August 14, 2019

Decisions, Decisions: Partnership Audit Considerations Resulting from the Bipartisan Budget Act of 2015

By Gabriel Fox, Tax Supervisor & Brian Essman, Tax Manager

Decisions, Decisions: Partnership Audit Considerations Resulting from the Bipartisan Budget Act of 2015

As if there weren’t enough decisions to be made when filing a partnership tax return (Form 1065 U.S. Return of Partnership Income), for tax years beginning after December 31, 2017, partnerships will now need to make a critical decision when filing their return. Due to the passing of the Bipartisan Budget Act of 2015 (BBA), P.L. 114-74, partnerships will now need to annually select a Partnership Representative (PR) in place of the former Tax Matters Partner (TMP) adhering to the new centralized partnership audit procedures under the BBA. Unlike the TMP, a PR can make decisions that will ultimately bind the partners of the partnership to any decision made as a result of an audit. The individual partners no longer have the right to appeal any adjustments agreed to by the PR. This in turn, may lead to more Internal Revenue Service (IRS) audits of partnerships as it will be easier for the IRS to collect any proposed adjustments agreed upon by a single PR as opposed to going after each individual partner.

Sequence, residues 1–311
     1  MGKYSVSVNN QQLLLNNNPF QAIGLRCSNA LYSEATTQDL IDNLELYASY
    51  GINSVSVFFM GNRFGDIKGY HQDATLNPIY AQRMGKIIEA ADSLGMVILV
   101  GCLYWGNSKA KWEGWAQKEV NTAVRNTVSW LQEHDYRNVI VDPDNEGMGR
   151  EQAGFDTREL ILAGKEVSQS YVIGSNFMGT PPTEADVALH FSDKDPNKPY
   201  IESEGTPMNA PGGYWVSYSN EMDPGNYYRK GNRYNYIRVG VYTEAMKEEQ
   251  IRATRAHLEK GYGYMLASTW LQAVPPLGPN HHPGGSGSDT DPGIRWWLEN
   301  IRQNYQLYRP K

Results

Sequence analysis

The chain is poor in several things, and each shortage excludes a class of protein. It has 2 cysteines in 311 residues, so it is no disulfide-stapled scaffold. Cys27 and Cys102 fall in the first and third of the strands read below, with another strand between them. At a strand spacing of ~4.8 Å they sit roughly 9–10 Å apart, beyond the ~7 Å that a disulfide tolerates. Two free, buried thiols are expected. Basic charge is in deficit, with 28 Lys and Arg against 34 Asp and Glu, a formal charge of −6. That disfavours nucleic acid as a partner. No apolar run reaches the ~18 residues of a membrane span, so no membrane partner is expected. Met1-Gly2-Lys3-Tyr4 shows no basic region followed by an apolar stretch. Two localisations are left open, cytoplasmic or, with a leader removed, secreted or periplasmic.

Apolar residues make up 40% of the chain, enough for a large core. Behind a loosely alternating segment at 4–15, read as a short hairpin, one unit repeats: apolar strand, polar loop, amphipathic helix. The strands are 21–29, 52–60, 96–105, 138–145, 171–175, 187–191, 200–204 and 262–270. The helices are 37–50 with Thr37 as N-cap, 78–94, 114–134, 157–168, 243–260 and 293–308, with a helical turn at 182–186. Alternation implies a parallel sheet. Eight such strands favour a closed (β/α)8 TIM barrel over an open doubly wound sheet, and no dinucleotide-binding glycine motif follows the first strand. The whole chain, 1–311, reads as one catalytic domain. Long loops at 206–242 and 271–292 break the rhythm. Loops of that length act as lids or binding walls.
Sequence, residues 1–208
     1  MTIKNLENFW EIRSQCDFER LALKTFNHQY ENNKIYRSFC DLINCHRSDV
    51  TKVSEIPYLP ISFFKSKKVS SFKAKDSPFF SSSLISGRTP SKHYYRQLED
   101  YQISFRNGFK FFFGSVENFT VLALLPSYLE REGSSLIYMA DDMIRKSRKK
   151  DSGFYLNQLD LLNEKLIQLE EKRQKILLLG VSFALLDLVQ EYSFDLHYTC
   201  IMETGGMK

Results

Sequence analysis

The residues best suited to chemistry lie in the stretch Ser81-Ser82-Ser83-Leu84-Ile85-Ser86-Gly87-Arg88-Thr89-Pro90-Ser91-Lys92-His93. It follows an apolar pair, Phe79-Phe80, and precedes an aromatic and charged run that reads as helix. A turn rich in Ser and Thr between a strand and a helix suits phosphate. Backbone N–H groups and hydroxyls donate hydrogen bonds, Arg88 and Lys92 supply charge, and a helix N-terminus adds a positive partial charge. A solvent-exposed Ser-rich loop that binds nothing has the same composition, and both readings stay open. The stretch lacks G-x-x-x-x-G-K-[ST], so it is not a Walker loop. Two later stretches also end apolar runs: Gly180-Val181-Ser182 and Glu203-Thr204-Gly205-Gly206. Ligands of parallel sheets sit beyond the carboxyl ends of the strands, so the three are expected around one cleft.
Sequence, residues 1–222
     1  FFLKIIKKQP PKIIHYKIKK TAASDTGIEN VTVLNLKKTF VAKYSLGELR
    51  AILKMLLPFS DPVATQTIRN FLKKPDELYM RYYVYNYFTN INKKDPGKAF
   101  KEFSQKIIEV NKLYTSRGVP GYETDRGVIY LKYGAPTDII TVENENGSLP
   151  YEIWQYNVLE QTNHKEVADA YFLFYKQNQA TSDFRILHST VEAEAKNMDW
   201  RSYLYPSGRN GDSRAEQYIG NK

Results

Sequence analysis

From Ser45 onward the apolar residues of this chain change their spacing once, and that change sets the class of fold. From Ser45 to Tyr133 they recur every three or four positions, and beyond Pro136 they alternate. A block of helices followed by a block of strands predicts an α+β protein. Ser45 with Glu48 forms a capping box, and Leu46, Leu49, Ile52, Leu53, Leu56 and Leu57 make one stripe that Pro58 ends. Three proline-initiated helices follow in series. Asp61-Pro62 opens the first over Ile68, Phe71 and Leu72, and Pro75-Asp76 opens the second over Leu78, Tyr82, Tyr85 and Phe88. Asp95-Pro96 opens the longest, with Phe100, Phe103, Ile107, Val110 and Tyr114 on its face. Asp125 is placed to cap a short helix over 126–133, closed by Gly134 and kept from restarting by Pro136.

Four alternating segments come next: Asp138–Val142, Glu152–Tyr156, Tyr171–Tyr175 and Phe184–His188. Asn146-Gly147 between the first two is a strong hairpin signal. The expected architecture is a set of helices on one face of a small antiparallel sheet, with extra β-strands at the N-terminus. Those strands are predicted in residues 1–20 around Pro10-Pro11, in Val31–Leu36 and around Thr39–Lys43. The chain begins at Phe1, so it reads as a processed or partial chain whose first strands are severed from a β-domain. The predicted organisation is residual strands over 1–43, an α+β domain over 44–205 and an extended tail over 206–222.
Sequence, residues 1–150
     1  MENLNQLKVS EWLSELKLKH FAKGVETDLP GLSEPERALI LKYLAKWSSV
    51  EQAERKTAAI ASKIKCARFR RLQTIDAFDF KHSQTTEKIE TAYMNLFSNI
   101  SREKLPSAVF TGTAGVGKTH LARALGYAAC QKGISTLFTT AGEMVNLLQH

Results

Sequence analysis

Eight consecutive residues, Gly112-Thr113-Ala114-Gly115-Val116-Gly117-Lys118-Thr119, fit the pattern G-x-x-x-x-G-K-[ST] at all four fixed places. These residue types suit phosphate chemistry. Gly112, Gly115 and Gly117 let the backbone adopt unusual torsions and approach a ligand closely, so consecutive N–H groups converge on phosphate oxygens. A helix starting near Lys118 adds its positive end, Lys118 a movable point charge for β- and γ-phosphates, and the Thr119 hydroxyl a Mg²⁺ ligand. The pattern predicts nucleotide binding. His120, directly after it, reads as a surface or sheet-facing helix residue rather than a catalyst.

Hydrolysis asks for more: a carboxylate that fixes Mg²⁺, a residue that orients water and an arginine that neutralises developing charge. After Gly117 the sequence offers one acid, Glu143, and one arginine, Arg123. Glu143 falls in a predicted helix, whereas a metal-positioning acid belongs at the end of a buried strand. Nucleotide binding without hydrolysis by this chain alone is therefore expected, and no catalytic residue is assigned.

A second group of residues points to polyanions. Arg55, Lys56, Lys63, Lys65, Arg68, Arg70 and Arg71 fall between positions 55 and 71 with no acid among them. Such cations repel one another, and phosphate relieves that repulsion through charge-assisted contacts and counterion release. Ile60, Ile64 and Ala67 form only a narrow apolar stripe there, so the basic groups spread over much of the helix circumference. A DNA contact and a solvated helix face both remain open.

New Partnership Audit Rules under the BBA

Under the new partnership audit regime, unless an election is made to opt out of the centralized partnership audit regime under IRC Sec. 6221(b), a partnership will now owe an entity level income tax liability should an adjustment be determined as the result of an audit. If the Partnership elects to opt-out (assuming it meets the requirements of IRC Sec. 6221(b)(1) as discussed below), the partnership under audit will follow the rules under the Tax Equity and Fiscal Responsibility Act of 1982 (TEFRA), P.L. 97-248 and the partners will be subject to any adjustments on a partner-by-partner basis. As it is more difficult to go after each individual partner, eligible partnerships may elect out of the new BBA rules by checking “No” for question 25 on page 3 of Form 1065. However, many partnerships will be unable to elect out of the new BBA rules due to eligibility limitations. Partnerships eligible for opting out must have no more than 100 partners and all partners must be either an individual, a C corporation, a foreign entity that would be taxed as a C corporation were it domestic, an S corporation, or an estate of a deceased partner.

Partnership Representative

The Partnership Representative replaces the Tax Matters Partner previously designated by the partnership for tax years beginning prior to January 1, 2018 (unless a valid election is in effect for any partnership tax years beginning after November 2, 2015 and before January 1, 2018). The PR and TMP are representatives of the partnership who act as the liaison between the partnership and the Internal Revenue Service if the partnership is selected for an audit. Under the old rules, the TMP had to be a General Partner of the partnership and did not have the authority to bind the partners within the partnership. Section 6223 of the Internal Revenue Code has been amended due to the BBA and now sets the rules for the PR. The PR does not need to be a partner in the partnership or have any affiliation to the partnership. For example, the PR could be designated to be a partner from an accounting firm or a law firm.